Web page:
L. R. Brewster
Development and application of a machine learning algorithm for classification of elasmobranch behaviour from accelerometry data
Brewster, L. R.; Dale, J. J.; Guttridge, T. L.; Gruber, S. H.; Hansell, A. C.; Elliott, M.; Cowx, I. G.; Whitney, N. M.; Gleiss, A. C.
J. J. Dale
T. L. Guttridge
S. H. Gruber
A. C. Hansell
I. G. Cowx
N. M. Whitney
A. C. Gleiss
© 2018, The Author(s). Discerning behaviours of free-ranging animals allows for quantification of their activity budget, providing important insight into ecology. Over recent years, accelerometers have been used to unveil the cryptic lives of animals. The increased ability of accelerometers to store large quantities of high resolution data has prompted a need for automated behavioural classification. We assessed the performance of several machine learning (ML) classifiers to discern five behaviours performed by accelerometer-equipped juvenile lemon sharks (Negaprion brevirostris) at Bimini, Bahamas (25°44′N, 79°16′W). The sharks were observed to exhibit chafing, burst swimming, headshaking, resting and swimming in a semi-captive environment and these observations were used to ground-truth data for ML training and testing. ML methods included logistic regression, an artificial neural network, two random forest models, a gradient boosting model and a voting ensemble (VE) model, which combined the predictions of all other (base) models to improve classifier performance. The macro-averaged F-measure, an indicator of classifier performance, showed that the VE model improved overall classification (F-measure 0.88) above the strongest base learner model, gradient boosting (0.86). To test whether the VE model provided biologically meaningful results when applied to accelerometer data obtained from wild sharks, we investigated headshaking behaviour, as a proxy for prey capture, in relation to the variables: time of day, tidal phase and season. All variables were significant in predicting prey capture, with predations most likely to occur during early evening and less frequently during the dry season and high tides. These findings support previous hypotheses from sporadic visual observations.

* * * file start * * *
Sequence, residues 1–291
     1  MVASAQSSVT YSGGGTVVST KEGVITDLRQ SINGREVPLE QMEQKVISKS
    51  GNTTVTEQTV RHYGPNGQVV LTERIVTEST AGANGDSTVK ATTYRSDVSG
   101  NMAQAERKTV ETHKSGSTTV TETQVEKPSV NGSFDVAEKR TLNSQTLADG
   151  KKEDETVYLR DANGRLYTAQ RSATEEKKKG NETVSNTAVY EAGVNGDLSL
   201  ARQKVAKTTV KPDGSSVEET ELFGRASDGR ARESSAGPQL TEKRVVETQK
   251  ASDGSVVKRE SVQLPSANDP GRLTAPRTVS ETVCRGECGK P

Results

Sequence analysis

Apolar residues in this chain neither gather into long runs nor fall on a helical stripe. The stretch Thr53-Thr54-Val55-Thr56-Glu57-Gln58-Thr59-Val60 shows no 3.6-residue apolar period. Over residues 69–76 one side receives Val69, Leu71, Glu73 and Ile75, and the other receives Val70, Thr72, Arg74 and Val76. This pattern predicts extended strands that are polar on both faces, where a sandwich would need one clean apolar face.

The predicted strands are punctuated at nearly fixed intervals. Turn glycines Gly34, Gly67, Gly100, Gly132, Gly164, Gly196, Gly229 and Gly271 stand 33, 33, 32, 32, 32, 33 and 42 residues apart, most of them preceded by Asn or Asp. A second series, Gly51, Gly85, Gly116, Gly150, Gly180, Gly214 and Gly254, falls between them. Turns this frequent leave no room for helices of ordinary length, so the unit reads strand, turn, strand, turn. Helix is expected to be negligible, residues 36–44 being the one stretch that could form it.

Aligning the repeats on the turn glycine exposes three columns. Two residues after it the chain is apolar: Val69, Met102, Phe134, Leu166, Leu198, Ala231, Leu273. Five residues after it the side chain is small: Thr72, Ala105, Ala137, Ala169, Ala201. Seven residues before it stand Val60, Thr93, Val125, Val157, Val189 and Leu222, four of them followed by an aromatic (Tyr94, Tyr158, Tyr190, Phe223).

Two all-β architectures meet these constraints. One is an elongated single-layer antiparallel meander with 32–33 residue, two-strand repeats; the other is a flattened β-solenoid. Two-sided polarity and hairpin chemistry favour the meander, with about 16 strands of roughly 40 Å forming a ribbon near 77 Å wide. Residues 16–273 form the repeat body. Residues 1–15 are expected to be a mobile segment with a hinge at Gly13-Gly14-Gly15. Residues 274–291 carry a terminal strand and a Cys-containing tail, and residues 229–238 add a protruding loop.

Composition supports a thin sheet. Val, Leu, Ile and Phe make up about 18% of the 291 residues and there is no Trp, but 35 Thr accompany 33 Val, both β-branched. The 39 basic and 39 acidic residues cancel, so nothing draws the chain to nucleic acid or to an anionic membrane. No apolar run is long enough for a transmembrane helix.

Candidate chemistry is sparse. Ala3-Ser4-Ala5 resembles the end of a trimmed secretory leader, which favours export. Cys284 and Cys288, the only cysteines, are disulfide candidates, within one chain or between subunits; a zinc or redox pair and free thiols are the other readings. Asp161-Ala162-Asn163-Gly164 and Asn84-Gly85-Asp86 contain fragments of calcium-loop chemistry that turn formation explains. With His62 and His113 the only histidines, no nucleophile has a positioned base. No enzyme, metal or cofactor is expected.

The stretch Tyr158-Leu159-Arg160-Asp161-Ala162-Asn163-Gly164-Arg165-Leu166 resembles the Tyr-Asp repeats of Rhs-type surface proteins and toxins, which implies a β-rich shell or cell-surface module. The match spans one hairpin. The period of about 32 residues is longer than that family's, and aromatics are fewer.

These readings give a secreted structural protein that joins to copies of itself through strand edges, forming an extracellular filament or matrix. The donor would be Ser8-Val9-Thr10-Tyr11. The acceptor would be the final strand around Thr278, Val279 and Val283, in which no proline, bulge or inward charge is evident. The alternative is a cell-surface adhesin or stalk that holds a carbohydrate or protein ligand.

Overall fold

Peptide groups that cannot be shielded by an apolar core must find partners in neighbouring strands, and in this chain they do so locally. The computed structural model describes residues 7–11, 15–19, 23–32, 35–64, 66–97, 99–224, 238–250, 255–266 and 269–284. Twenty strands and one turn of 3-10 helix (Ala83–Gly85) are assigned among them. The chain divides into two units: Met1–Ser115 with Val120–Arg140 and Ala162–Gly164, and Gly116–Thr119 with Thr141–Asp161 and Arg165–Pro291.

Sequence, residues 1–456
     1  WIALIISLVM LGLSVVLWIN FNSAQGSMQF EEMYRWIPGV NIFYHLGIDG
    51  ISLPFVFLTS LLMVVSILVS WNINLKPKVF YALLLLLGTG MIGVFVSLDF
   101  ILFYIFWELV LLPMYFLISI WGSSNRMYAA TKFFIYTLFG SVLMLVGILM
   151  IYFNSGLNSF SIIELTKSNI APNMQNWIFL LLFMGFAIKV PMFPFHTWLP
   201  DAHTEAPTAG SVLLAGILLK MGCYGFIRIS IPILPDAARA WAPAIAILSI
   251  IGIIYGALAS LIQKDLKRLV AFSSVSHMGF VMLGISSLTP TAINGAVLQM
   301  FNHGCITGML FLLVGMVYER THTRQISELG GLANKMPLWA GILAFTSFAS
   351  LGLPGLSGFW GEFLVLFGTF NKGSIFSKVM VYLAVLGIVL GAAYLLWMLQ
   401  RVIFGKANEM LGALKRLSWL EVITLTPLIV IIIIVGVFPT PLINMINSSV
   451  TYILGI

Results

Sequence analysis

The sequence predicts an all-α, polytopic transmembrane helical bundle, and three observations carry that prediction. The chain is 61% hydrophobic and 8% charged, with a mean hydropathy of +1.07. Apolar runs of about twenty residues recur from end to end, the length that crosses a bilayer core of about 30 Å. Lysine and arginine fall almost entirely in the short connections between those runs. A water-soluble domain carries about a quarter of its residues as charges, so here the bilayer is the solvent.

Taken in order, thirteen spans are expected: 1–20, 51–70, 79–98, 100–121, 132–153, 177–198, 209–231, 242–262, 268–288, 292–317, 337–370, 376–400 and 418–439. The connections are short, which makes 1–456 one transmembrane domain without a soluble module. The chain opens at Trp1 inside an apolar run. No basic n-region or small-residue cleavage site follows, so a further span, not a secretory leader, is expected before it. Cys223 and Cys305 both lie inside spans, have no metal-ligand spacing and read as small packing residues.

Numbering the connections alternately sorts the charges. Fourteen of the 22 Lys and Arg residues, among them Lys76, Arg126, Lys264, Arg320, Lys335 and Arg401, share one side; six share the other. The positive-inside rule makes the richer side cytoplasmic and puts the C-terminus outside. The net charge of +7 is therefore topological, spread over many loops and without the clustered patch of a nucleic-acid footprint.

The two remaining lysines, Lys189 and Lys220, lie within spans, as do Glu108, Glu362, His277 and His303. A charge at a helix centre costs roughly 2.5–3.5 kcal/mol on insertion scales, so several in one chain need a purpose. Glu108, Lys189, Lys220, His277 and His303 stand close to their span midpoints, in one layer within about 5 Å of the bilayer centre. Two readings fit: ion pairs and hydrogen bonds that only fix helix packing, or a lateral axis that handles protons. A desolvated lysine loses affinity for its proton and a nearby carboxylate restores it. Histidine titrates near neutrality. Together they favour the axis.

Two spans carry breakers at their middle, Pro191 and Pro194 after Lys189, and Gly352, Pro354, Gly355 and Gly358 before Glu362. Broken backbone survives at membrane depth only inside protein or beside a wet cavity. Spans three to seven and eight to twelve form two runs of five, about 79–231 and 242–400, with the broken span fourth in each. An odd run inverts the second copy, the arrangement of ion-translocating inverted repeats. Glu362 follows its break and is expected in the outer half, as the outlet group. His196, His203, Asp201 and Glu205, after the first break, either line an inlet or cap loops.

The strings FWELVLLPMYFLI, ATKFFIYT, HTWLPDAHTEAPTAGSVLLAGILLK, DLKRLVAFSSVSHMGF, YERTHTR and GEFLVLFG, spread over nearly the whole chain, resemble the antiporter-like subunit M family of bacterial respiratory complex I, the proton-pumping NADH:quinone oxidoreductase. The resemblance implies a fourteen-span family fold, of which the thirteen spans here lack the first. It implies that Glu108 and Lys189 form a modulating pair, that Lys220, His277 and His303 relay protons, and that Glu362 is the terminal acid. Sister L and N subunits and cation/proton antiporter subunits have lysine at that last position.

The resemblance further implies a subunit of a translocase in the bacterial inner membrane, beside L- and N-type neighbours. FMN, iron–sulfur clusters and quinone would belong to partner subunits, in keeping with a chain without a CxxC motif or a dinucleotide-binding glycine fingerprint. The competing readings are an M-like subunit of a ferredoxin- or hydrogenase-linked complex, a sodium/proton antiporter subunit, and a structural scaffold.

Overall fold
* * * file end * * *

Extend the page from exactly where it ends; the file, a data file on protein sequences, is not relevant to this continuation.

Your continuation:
Brewster, L. R., Dale, J. J., Guttridge, T. L., Gruber, S. H., Hansell, A. C., Elliott, M., …Gleiss, A. C. (2018). Development and application of a machine learning algorithm for classification of elasmobranch behaviour from accelerometry data. Marine Biology, 165(4), Article 62. https://doi.org/10.1007/s00227-018-3318-y
|Journal Article Type||Article|
|Acceptance Date||Jan 31, 2018|
|Online Publication Date||Mar 8, 2018|
|Publication Date||Apr 1, 2018|
|Deposit Date||May 31, 2022|
|Publicly Available Date||Oct 27, 2022|
|Peer Reviewed||Peer Reviewed|
Publisher Licence URL
© The Author(s) 2018. This article is an open access publication.<br /> Open Access This article is distributed under the terms of the Creative Commons Attribution 4.0 International License (http://creativecommons.org/licenses/by/4.0/), which permits unrestricted use, distribution, and reproduction in any medium, provided you give appropriate credit to the original author(s) and the source, provide a link to the Creative Commons license, and indicate if changes were made.
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